New graduate student nursing award creates lasting ties

Have you ever thought about what you’d do if you unexpectedly received a significant sum of money? Dr. Sonya Grypma did, and interestingly, one day she was given the opportunity to really figure it out.

Dr. Sonya Grypma created the Jacoba Vanden Brink Award to support nursing students by binding together dedication to others and academic success.

“It was a complete surprise,” Grypma says about the day she received an unexpected cheque in the mail. “It came from my uncle, and as soon as I got it my husband and I went right into, ‘what are we going to do with this?’ We never looked at the money as ours – we looked at it as something that had been entrusted to us, and we wanted it to have a wide circle of influence.”

Grypma has a PhD in nursing and is currently the dean at the School of Nursing at Trinity Western University. At the time she received the cheque, however, Grypma was an assistant professor of nursing at the University of Lethbridge. Her passion for nursing education made Grypma’s decision on what to do with the funds fairly easy.

“Creating a scholarship felt like the right thing to do,” says Grypma. “I received a number of scholarships as a graduate nursing student and they were tremendously impactful on my education and career. The idea of helping other graduate nursing students that way was inspiring, and I knew that in doing so I’d be helping a lot of others in turn.”

The next decision Grypma faced was what name to give the award. Once again, she went with something close to her heart, and the Jacoba Vanden Brink Award was created.

The scholarship is named in honour of Grypma’s maternal grandmother, a Dutch immigrant with 13 children who came to Canada with her husband after the Second World War in pursuit of a better life. Grypma never had the chance to meet her grandmother, who was tragically killed in a car accident that happened just south of the Alberta border before Grypma was born. Vanden Brink was on her way home when she died, returning from a trip to the U.S. university her second-youngest son was attending – the first member of the Vanden Brink family to ever pursue a university education.

“The name ties so many things together for me,” says Grypma. “It pays homage to my grandmother’s strength and determination to transition her family into a new life. It honours my mother, who shares my grandmother’s first name. It upholds the value of a university education. It pays tribute to two of my uncles – the one who was attending university at the time my grandmother died, as well as my eldest uncle who entrusted the money to me and who took responsibility for the family after my grandparents passed. The accident happened near to Lethbridge, so there’s a tie there too. The Jacoba Vanden Brink Award is a deeply personal name for the scholarship, and to know that this money will work in service to others is really pleasing.”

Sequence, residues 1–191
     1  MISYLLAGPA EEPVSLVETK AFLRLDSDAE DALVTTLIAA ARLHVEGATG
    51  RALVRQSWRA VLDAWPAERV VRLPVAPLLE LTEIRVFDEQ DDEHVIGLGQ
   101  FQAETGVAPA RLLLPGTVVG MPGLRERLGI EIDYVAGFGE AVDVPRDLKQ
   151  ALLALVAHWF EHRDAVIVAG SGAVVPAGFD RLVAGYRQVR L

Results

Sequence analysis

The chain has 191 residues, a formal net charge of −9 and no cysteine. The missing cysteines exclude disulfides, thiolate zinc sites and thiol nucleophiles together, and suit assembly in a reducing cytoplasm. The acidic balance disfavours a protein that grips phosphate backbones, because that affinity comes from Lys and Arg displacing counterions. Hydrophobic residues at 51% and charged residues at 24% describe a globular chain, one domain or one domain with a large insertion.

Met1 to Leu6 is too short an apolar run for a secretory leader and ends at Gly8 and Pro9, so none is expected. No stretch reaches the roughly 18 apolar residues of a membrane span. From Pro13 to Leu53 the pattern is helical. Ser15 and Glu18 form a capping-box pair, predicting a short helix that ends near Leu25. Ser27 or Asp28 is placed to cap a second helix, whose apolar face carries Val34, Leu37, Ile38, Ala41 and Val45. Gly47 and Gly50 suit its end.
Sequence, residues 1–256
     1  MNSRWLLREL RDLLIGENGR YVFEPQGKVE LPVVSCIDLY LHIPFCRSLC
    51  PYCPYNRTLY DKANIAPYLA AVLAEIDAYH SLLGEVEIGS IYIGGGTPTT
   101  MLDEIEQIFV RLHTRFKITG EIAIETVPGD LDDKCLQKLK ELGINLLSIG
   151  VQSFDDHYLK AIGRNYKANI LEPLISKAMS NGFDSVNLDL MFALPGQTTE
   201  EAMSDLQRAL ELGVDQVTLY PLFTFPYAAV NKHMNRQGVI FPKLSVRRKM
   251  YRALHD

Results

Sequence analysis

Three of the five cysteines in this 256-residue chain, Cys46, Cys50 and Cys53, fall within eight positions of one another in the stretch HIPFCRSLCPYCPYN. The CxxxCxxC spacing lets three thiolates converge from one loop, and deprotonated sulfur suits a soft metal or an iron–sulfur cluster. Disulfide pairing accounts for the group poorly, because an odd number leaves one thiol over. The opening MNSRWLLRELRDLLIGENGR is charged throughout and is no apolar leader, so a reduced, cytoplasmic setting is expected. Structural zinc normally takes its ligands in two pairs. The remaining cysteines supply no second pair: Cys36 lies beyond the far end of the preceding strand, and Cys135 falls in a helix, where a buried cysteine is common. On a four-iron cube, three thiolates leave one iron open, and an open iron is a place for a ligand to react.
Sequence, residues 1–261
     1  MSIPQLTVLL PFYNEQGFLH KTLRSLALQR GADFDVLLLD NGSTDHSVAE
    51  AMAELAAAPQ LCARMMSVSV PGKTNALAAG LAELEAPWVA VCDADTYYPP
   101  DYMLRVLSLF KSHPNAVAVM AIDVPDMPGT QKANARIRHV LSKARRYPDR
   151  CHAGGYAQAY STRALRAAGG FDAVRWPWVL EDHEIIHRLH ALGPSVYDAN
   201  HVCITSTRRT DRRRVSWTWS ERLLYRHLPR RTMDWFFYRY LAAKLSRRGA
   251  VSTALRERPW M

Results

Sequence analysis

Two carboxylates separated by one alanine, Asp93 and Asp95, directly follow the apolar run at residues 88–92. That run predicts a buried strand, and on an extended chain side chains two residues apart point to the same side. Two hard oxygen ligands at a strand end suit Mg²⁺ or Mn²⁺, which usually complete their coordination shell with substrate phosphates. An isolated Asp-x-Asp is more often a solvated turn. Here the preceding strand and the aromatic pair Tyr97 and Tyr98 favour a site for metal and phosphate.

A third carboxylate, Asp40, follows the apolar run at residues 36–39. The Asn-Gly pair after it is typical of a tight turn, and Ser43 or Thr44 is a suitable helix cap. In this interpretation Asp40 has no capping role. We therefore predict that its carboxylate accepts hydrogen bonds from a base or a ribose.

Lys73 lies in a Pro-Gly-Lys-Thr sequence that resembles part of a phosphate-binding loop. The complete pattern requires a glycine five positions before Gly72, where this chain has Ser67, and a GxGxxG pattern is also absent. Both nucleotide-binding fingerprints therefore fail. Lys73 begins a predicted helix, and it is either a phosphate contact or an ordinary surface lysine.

Grypma's grandparents Bernardus and Jacoba Vanden Brink.

The Jacoba Vanden Brink Award is a $1,000 scholarship given each year to two graduate students in the U of L Faculty of Health Sciences – a first-year student and a second-year student. The first ever beneficiaries of the award, Mercy Enwere and Kim Veldman, received the scholarship last fall.

As both a previous recipient of scholarships and a current dean, Grypma has seen and experienced the effects of funding on both sides of the academic fence. Her take on the matter is as far-reaching and philosophical as her choice to create the Jacoba Vanden Brink Award.

“Nursing is a public service,” says Grypma. “A good nursing education doesn’t stop with one person – it rolls out to countless others. I received the help and affirmation I needed to succeed as a student, a nurse and an academic. This scholarship is a way for me to pay it forward while honouring people I know who dedicated themselves to helping others.”

Kim Veldman (BN ’14)
Master of Nursing student
Recipient of the Jacoba Vanden Brink Award

“The ability to help other students become great nurses is a dream of mine and I would like to become a clinical instructor of nursing students. I am extremely grateful for receiving the award because it enables me to focus on my schooling, and not stress over funds. Subsequently, I feel that the award will set me up for success in nursing.”